and (just started) Thinking Strategically.
When I was on the course, especially as we started to touch on the idea that certain strategies arise inherently from the structure of any situation (especially the [bliki]Value Net[/bliki]) it occurred to me that design patterns may be the natural way to express the thinking in a condensed form.
Unfortunately (in one sense) this was also a new idea to the people on the course, and as I didn’t have time to refresh my rather surface knowledge of pattern languages whilst I was on the course, I wasn’t really in a position to develop the thinking.
In the spirit of release early, release often, I’ve made a small start with this, indexed at Strategy Patterns, and will continue to build it as I work through the books and a review of my course notes.
In the strategy course we touched on (in varying levels of detail) the three main views of company strategy – since the course finished I’ve been adding reading on all three to my “incoming” bookshelf:
The market-focused, competitive advantage approach of Michael Porter:
The resource-based view of the firm, typified by Hamel and Prahalad:
The game theory approach described by Dixit and Nalebuff:
and then popularised by by Brandenburger and Nalebuff:
Shared bookmarks for del.icio.us user Synesthesia on 2005-5-9
- Management and Virtual Decentralised Networks:
This paper from George Dafermos examines the virtual networked organisation, with particular reference to the Linux development model. It concludes that this approach can be superior to the traditional corporation provided it is properly implemented. Keywords: Networks
Part 3 of the pre-work for the strategy course, based on the tram company fictional case study.
Continuing the [bliki]PARTS analysis[/bliki] started in part 2, I now look at Added Values. In [bliki]The Right Game[/bliki] Brandenburger and Nalebuff define Added Value as “the difference between the value created with the player included and the value created by the remaining players when that player is removed”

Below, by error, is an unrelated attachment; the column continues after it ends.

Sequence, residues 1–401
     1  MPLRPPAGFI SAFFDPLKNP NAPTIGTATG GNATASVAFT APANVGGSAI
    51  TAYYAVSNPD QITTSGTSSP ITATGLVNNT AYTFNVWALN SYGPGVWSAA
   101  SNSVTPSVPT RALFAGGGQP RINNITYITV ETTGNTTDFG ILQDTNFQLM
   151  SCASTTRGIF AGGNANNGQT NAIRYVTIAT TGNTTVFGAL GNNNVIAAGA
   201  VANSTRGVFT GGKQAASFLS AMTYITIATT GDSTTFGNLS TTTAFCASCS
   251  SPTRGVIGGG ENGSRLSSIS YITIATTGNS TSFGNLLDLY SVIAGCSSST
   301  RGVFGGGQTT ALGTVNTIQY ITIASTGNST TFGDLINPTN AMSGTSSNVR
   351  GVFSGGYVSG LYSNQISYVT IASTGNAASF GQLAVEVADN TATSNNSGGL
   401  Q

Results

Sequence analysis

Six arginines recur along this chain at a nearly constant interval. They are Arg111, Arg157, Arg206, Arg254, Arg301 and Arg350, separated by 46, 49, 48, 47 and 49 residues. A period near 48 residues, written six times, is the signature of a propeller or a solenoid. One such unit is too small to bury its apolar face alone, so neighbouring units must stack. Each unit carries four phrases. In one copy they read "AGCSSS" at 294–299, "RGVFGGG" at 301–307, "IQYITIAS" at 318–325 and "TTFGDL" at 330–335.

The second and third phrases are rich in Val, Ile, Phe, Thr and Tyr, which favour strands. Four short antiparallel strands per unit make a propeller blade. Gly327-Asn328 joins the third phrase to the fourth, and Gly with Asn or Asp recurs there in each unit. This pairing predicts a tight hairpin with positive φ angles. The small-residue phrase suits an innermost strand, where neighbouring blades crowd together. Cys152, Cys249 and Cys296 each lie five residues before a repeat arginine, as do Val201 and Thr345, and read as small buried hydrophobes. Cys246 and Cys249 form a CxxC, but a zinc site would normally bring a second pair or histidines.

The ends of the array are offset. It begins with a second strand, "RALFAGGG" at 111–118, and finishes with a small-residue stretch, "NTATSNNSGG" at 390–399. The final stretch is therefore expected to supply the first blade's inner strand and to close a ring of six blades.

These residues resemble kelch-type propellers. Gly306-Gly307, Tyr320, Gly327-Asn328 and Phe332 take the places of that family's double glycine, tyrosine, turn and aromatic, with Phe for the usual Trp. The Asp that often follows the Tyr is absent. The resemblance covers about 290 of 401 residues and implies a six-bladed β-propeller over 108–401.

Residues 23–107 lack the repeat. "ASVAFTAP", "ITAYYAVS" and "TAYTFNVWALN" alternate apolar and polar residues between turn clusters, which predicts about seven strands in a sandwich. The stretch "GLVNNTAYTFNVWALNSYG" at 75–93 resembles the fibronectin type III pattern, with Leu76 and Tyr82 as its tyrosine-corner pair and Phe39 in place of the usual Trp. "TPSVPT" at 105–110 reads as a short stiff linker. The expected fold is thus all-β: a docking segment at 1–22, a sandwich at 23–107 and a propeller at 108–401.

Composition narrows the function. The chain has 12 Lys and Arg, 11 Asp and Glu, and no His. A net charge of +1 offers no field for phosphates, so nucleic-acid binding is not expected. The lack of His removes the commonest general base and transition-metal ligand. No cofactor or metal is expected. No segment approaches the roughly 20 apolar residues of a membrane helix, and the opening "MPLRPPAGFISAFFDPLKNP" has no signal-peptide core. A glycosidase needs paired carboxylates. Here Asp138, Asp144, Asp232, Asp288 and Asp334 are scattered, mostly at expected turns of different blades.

If we imagine the Biddiford economy without the tram company, clearly the overall income will be reduced by tram company revenues. There will be other effects too – in particular the businesses in Old Orchard Bay (which rely on the tram company as the monopoly source of transport to bring them their customers) are likely to see reduced revenues too. So the added value of the tram company is greater than the tram revenues alone.
Just as the Players analysis suggested that the Old Orchard Bay bars and restaurants were Complementors, and therefore that the tram company should explore strategies that worked to mutual benefit, the Added Value analysis suggests that the tram company should be able to extract more from that relationship – in one sense the bars and restaurants need the tram company more than the tram company needs them.
More on the tram company pre-work for the strategy course.
Having identified one option fairly quickly by applying constraints thinking, I went on to use the [bliki]PARTS analysis[/bliki]:
Using the [bliki]value net[/bliki] approach, who are the various players, and what do we know about them?
The customers fall into two groups:
- The local residents
We know that they are price-sensitive, and regard the trip to Old Orchard Bay as only one option competing for their leisure time and spend.
- Peak-season tourists
We are told that they regard the tram ride as a key feature of their visit and the fare is immaterial.
Combining these two factors gave rise to the seasonally-adjusted pricing strategy.
The only suppliers mentioned are:
- The contracted-out tram maintenance company.
They are only mentioned in passing, so it is presumed they do a reasonable job.
- The staff who work for the tram company.